This step discourages the addition of further clauses to the contract. These should not be included unless they are necessary to accord with current law, or specific and informed instructions have been given by the seller that inclusion of such clauses is necessary, and they are required for the purposes of the particular transaction.
This step covers additional enquiries: if inappropriate enquiries have been raised, answers need not be given. Furthermore, the protocol states that the buyer’s solicitor should only raise those specific additional enquiries which are required to clarify issues that arise out of the draft contract documents supplied, or which are relevant to the particular nature or location of the property, or those enquiries which the buyer has specifically requested. Any questions relating to the state and condition of the building can be answered by the buyer’s own enquiries, survey or personal inspection. The seller’s solicitor does not need to answer such enquiries, nor do they need to obtain the seller’s answers to any enquiry which seeks an opinion rather than is a fact.
This states that the buyer’s solicitor should report to the buyer on the documents received as they arrive, and should not wait for all documents to be received before reporting, as this can cause delay, especially in relation to raising further enquiries. However, there are some larger conveyancing factories that do just this: they do not raise enquiries until they have received the mortgage offer, the result of searches and the draft contract documents. In most of these cases, it is the draft contract documents that will have been the first set of documents to land on the buyer’s solicitor’s desk, and I believe that initial enquiries should be raised at that stage. It is frustrating to find that a firm will not raise any enquiries until it has everything, because it then appears (to both clients and estate agents) that it is the seller’s solicitor who is causing delays, when it is clear that such delays could and should be avoided. When encountering one of these firms, I think that it is incumbent on the seller’s solicitor to make it clear to their selling client that enquiries will be left until the last minute, so they should be prepared! This avoids any complaint from the estate agents or the selling client as to what is causing the delay, as you have already warned them as to what is likely to happen.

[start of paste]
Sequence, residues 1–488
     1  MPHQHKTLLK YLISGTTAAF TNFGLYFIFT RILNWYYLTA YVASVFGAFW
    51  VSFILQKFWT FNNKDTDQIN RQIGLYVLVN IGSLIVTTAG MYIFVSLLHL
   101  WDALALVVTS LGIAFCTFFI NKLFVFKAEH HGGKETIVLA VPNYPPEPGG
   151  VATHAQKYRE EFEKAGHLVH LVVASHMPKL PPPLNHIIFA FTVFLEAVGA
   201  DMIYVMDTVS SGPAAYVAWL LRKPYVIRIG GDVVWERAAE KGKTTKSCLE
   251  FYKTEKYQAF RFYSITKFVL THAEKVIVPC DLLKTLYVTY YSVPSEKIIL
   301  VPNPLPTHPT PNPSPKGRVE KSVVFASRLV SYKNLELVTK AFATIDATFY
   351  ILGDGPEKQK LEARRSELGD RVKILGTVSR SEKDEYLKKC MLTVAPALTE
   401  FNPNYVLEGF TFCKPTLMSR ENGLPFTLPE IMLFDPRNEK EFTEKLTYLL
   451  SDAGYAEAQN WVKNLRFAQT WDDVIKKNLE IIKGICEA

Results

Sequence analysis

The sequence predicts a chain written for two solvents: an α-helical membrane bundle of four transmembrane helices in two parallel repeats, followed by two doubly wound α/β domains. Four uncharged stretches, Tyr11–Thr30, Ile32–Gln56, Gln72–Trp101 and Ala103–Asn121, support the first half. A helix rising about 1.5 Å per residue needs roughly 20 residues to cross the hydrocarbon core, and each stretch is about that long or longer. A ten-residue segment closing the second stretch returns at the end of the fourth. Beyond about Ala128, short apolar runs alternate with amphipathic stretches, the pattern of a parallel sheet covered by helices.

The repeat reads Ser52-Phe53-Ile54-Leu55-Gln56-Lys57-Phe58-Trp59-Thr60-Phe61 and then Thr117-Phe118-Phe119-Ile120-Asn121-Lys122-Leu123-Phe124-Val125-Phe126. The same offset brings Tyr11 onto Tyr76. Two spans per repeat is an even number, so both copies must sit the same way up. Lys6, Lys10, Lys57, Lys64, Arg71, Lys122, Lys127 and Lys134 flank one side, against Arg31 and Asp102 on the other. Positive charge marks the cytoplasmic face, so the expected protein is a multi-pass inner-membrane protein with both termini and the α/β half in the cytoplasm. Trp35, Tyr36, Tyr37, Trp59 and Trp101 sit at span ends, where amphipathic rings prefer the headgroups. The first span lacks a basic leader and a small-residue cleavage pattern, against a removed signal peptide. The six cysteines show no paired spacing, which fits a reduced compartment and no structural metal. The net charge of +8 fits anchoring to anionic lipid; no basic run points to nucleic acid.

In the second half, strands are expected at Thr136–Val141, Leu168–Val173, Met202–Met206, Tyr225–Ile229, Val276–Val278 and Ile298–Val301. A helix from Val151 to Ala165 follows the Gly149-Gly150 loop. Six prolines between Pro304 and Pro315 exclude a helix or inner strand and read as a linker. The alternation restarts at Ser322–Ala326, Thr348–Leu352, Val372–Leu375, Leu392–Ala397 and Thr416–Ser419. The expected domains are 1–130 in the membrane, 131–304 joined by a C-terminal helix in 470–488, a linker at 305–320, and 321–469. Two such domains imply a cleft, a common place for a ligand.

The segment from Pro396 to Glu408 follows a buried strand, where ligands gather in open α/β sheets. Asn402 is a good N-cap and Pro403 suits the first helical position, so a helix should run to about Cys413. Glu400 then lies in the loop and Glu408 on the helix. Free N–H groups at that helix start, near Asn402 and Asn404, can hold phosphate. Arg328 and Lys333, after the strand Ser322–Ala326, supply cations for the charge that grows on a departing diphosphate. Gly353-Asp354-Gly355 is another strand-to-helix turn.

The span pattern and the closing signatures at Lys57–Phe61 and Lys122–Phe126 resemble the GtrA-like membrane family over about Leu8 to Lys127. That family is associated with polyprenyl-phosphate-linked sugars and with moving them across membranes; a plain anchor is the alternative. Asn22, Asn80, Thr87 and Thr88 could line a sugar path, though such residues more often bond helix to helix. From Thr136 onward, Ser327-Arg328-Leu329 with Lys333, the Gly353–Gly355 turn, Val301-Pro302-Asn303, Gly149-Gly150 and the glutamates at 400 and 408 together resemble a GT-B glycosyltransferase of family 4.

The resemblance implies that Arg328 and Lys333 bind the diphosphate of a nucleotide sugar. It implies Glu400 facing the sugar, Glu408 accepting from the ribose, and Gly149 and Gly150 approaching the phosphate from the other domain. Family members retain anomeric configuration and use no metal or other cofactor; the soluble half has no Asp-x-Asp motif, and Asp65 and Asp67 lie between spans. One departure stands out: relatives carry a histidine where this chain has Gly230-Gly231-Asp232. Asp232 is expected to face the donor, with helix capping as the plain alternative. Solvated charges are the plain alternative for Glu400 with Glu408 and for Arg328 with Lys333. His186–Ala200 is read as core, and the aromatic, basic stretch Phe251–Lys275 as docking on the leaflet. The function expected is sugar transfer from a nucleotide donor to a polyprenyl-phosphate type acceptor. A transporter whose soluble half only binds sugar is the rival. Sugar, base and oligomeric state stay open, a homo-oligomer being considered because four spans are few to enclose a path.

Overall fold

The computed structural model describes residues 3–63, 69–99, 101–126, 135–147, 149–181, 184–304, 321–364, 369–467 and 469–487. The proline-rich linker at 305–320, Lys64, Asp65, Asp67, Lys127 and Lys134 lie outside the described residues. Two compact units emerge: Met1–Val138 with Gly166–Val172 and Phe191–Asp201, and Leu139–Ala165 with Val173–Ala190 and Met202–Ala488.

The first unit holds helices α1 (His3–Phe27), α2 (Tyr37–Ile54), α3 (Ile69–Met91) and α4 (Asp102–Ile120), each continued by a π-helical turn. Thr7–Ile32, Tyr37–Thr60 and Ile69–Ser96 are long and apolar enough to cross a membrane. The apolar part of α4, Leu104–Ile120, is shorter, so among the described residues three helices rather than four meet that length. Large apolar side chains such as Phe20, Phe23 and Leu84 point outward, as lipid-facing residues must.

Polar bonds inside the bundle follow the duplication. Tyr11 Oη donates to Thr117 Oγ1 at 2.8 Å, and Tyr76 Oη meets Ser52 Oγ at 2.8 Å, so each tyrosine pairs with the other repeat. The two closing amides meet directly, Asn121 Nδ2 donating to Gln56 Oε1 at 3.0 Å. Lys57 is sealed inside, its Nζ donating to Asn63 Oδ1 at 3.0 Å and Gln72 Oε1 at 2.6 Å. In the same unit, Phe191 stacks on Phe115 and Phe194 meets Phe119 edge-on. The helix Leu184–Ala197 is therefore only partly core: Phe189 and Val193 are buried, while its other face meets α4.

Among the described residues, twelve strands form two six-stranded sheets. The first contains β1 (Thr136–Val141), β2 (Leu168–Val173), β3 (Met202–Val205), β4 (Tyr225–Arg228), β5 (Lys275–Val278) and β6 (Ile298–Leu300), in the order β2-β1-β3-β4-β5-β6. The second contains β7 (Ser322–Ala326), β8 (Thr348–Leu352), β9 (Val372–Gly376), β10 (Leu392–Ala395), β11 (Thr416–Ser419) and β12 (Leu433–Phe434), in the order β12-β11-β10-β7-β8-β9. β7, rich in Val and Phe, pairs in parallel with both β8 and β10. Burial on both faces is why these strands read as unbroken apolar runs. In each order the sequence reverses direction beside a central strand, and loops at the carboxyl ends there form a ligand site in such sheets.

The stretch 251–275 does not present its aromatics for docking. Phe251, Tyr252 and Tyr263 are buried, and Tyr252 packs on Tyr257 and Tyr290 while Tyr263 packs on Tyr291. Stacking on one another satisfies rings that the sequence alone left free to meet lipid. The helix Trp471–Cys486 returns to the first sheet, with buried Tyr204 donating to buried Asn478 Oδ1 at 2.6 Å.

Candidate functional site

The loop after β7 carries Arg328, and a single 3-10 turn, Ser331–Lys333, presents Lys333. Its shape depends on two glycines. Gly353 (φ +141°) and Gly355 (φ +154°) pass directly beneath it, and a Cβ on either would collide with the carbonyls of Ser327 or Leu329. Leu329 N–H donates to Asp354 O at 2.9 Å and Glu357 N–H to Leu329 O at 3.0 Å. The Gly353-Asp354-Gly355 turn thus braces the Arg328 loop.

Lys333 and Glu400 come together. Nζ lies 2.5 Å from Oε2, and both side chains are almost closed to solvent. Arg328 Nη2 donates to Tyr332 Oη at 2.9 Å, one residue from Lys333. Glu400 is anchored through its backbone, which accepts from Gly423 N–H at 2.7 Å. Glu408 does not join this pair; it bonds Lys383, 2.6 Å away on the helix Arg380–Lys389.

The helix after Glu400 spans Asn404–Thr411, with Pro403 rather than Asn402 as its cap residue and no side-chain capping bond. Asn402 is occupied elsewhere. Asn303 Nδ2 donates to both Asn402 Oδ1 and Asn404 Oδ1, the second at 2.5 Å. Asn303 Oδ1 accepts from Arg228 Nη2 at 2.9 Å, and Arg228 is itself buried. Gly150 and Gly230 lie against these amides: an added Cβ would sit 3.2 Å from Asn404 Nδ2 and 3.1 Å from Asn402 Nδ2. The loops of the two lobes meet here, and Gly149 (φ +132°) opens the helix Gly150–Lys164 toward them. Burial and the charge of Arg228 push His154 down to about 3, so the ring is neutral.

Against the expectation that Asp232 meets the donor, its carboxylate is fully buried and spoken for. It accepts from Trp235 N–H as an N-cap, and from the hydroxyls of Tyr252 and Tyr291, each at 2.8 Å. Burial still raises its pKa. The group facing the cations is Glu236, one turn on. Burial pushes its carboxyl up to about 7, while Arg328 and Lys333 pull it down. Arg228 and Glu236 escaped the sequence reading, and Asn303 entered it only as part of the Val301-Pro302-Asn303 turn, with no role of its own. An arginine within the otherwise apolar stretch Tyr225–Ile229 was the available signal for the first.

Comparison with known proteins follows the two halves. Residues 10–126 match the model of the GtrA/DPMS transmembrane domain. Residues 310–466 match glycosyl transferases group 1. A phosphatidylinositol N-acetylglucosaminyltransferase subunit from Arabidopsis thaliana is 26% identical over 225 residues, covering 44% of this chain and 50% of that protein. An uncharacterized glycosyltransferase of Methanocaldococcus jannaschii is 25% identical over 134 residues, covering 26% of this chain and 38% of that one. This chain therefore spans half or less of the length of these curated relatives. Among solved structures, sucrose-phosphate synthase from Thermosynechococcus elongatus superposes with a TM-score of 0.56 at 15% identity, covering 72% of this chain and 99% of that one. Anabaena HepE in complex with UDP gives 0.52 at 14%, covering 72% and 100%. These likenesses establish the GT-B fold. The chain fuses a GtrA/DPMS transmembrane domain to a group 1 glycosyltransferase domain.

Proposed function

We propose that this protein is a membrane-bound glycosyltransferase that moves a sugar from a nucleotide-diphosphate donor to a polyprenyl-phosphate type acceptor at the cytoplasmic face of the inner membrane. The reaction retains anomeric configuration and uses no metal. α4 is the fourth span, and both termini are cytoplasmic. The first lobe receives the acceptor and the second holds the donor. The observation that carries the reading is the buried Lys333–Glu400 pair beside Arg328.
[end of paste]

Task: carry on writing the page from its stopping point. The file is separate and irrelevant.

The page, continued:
This provides that ‘the fullest information is made available as to the status of other transactions in the chain’. This is where, I believe, estate agents can play a vital role. Estate agents will carry out their own ‘chain check’ before agreeing a sale. Some agents will disclose the various links of a chain when issuing a memorandum of sale, and I believe that this is to be encouraged.